Air Tech All Pro

1

37

78

3.5

All Pro ER

1

53

67

4.5

Figure 1. Chemistry change frequency


Half (60) of the surveyed facilities used a 200 speed film/intensifying screen combination, while 50 sites had 400 speed and one used an 800 speed combination. Ten facilities were found to have inappropriately matched film/screen combinations. Ninety percent (109 facilities) stated that they do not clean their intensifying screens routinely. See Table 3.

Table 3. Intensifying screen maintenance

Intensifying Screen Cleaning Frequency Weekly 2 weeks Monthly Quarterly Never Number of Facilities
1 2 7 1 109

Ninety-four, or 78%, of the doctors preferred a phantom image produced with less radiation exposure than what they typically used. The majority of these chose the "optimal" image outright. If the doctor stated that it was a "toss up," he/she often sided with the film that was produced with less radiation after we explained our technique for each radiograph, and these are included in the 78%. As surveyors, we stressed that an optimal image took precedence over dose and avoided detailed discussions with the doctor regarding the number of "rads" saved. We preferred to speak in terms of the percent decrease in widgets. See Table 4.

Table 4. Summary of the radiation exposure reduction at facilities
choosing an image with lower dose

Type # of Facilities Percent Reduction to Thyroid Port # of Facilities Selecting Own Image Min. Avg. Max.
200 Speed

52 *

24

52

73

7

400 Speed

34**

12

35

68

15

Mismatches

8

30

47

73

2

Total

94

12

46

73

25

* One additional doctor was unable to evaluate the films.
** One additional facility had a 17% increase in radiation exposure.

Seven of the 60 facilities using a 200 speed film/screen combination selected their own image. The dentist at one facility did not have the opportunity to review the radiographs. The average reduction in radiation exposure was 52% (minimum 24%, maximum 73%) at the 52 offices choosing an image other than their own. The overall average optical density of the panographs increased from 1.07 to 1.28 when comparing the facility's current film with the preferred film. In addition to upgrading to a 400 speed combination, each of the 52 units required one or more of the changes outlined in Table 6.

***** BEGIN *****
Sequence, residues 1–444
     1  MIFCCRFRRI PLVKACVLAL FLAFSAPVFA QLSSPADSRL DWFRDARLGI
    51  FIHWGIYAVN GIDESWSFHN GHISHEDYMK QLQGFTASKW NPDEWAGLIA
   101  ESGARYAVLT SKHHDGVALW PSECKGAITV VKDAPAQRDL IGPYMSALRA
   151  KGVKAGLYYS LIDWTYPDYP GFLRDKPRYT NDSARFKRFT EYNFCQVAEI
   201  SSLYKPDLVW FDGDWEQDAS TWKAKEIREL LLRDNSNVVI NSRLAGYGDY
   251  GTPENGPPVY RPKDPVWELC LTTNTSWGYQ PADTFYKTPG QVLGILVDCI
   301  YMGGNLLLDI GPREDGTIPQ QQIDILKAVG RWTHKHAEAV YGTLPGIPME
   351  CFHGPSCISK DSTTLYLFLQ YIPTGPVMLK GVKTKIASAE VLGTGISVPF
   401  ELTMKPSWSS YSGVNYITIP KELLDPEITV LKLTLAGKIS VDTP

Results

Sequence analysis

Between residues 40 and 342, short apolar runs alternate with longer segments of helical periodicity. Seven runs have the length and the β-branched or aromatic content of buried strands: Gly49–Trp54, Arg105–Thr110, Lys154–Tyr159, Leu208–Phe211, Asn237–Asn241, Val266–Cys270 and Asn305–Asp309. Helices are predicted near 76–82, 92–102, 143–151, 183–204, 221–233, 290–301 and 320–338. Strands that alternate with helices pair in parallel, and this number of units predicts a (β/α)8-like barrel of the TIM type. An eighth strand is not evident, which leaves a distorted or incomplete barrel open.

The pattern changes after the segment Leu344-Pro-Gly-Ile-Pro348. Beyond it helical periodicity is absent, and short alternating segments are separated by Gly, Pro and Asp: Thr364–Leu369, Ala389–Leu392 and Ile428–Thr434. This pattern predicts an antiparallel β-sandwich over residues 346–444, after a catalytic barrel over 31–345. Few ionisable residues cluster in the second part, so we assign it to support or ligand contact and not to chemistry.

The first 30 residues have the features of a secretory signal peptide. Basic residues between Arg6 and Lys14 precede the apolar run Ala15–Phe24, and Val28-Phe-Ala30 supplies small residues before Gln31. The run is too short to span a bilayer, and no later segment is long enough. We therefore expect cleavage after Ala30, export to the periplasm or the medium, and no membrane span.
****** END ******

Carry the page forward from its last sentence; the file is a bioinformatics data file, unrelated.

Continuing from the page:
Fifteen of the 50 facilities using a 400 speed film/screen combination selected their own image. One doctor chose an image obtained with a 17% increase in radiation exposure. The average reduction in exposure at the other 34 offices choosing an image other than their own was 35% (minimum 12%, maximum 68%). The overall average optical density of the panographs at facilities already using a 400 speed combination dropped from 1.43 on the current films to 1.10 on the preferred films. The changes required to obtain the preferred image at these 35 facilities are outlined in Table 6.

Two of the 10 facilities using an inappropriate combination of film and intensifying screen chose their own film. The average reduction in exposure at the remaining eight offices was 47% (minimum 30%, maximum 73%). The average optical density of the panographs increased from 0.94 on the original films to 0.99 on the preferred films.

Overall, 94 of the 121 facilities surveyed chose a panograph created with less radiation exposure over an image they categorized as typical. If every facility adopted the technique used to create the preferred film, radiation exposure would drop by an average of 40% across the surveyed facilities, and the average optical density would be maintained (1.21 for the original or current film versus 1.18 for the preferred film). See Table 5.

Table 5. Summary of changes in the optical density

Reduction in Radiation Exposure Resulting Images Optical Density 200 Speed 400 Speed Mismatches All Facilities Average Minimum Maximum
Original 1.07 1.43 0.94 1.21
Preferred 1.28 1.10 0.99 1.18
Original 0.49 0.40 0.32
Preferred 0.57 0.33 0.55
Original 2.38 2.45 1.36
Preferred 2.38 2.45 1.53

Table 6. Summary of technique changes applied to create preferred images

Selection Number of
Facilities Number of Filters kVp MA 1 2
200 Speed 60 22 15 19 17
400 Speed 50 31 1 3 1
800 Speed 1 0 0 0 0
Mismatches 10 1 2 4 1
All Facilities 121 58 18 26 19

As already stated, due to the multiple difficulties in calculating a patient's actual dose from the survey technique used, we chose to address the results in terms of widgets saved during the exit meeting with the doctor. A summary of our radiation measurements is included in Table 7 for informational purposes only. Any derived estimate of patient dose is not necessarily that of the authors. It is notable, however, to point out that, if all facilities adopted the technique of the preferred film, the dose distribution is substantially narrower.


Table 7. Summary of radiation exposure measurements

Chamber Location Resulting Images Minimum milliRoentgen Average milliRoentgen Maximum milliRoentgen
Mouth Port Current 7 34 106
Preferred 6 22 105
Thyroid Port Current 21 85 250
Preferred 16 50 170
Slit Current 1560 5505 15520